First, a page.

The CDC, which continues to support the use of ethylmercury as a preservative, still argues that "...no scientifically conclusive evidence exists of harm from exposure to thimerosal preservative-containing vaccine, whereas evidence is accumulating of lack of any harm resulting from exposure to such vaccines.. Therefore, the benefits of influenza vaccination outweigh the theoretical risk, if any, of thimerosal exposure through vaccinations." Thimerosal was created by Eli Lilly in the late 1920s to add "shelf-life" to vaccines and other pharmaceutical items. And, although the toxicity nature of mercury has never been in question, thimerosal has been the preservative of choice for pharmaceutical companies all over the world until the WHO began fighting its use in the mid-1970s.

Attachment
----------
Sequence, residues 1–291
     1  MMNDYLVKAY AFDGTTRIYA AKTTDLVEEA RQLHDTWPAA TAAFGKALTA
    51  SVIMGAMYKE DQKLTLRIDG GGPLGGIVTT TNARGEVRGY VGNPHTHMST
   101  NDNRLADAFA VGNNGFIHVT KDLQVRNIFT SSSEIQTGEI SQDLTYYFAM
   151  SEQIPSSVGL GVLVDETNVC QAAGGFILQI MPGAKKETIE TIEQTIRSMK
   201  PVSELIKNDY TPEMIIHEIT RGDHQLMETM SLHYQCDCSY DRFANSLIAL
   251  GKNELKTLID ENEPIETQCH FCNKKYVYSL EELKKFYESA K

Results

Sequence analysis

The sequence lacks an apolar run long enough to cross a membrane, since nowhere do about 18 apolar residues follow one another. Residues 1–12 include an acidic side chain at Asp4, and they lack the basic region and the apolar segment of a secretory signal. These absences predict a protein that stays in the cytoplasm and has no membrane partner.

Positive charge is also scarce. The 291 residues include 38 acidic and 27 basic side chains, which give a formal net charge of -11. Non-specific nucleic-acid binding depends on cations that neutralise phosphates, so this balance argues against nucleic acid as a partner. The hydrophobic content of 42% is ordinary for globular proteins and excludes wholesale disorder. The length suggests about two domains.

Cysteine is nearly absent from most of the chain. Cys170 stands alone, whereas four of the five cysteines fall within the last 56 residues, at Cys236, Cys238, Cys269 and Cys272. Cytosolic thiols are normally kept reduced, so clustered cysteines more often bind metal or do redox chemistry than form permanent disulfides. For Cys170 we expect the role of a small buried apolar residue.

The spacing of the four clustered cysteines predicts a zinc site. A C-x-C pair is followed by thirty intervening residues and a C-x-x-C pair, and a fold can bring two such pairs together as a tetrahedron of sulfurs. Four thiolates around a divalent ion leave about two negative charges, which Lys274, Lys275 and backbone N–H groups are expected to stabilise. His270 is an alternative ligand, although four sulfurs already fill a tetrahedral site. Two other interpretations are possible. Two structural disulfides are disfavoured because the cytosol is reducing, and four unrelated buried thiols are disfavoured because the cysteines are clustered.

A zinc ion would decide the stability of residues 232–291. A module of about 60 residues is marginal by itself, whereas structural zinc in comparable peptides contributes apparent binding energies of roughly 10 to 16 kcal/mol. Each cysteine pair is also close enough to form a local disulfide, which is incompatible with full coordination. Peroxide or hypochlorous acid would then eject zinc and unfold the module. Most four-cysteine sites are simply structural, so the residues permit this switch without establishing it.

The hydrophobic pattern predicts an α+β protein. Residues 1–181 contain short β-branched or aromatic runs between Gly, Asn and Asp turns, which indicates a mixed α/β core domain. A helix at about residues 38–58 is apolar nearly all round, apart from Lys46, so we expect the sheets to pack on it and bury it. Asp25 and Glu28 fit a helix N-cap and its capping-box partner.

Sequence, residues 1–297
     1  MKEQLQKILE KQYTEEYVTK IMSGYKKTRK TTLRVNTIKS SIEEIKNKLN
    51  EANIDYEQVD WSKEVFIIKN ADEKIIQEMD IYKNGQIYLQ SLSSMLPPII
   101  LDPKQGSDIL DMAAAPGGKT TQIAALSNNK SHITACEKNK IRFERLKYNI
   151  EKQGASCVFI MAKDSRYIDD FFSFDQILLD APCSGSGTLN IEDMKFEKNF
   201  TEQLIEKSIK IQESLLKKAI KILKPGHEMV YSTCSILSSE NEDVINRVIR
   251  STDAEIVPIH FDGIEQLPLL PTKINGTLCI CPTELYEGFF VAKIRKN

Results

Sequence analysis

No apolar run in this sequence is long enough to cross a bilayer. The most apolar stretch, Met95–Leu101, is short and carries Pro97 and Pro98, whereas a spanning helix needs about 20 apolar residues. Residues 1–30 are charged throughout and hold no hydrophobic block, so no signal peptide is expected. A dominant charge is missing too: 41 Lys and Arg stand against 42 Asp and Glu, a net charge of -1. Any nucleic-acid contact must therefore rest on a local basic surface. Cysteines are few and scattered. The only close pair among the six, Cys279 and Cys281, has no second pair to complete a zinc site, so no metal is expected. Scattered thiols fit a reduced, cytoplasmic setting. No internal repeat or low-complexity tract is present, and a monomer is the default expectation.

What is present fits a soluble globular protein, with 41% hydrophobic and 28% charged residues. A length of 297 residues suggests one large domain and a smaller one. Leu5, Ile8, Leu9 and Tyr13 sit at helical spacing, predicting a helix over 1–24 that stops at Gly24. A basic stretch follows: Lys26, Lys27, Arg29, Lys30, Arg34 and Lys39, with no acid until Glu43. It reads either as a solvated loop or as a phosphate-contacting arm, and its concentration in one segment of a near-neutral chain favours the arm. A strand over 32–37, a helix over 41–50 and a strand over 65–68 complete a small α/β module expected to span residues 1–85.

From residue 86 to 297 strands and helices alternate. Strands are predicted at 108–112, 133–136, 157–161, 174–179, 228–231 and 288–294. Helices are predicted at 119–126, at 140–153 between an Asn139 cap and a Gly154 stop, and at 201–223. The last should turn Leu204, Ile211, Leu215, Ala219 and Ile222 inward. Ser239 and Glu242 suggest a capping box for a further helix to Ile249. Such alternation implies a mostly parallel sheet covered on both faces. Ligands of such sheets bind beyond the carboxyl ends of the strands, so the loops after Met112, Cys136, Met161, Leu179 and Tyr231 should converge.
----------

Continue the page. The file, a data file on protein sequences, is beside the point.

Interestingly, my burp on the radar screen in 1999 caught the attention of author David Kirby who included portions of this exchange in his New York Times best-selling book, EVIDENCE OF HARM which is now being sold as an Internet book by Google. On page 45 of his book, Kirby noted that "...One week before the government went public with the news..." (about thimerosal) "...word was leaked to a conservative Internet columnist...Jon Christian Ryter. On July 1, his warning appeared on a right-wing site called FreeRepublic.com. "Warnings on thimerosal will be played down by National Vaccine Program Office of the CDC on Friday," his headline said. Ryter claimed to have a document implicating the CDC in a cover-up in order to "play down the danger of the chemical thimerosal, simply because the government can't afford to dispose of its inventory of this substance."
Kirby continued, adding: "According to Ryter, the European Agency for Evaluation of Medicinal Products had recently called thimerosal a 'well-recognized problem' that can cause nerve damage. But the sluggish wheels of the US federal government speedily chugged into action—not to issue a national alert of their own. The risks were acceptable to them. Are the risks acceptable to you? The choice is yours, even though the CDC seems to think the choice is theirs."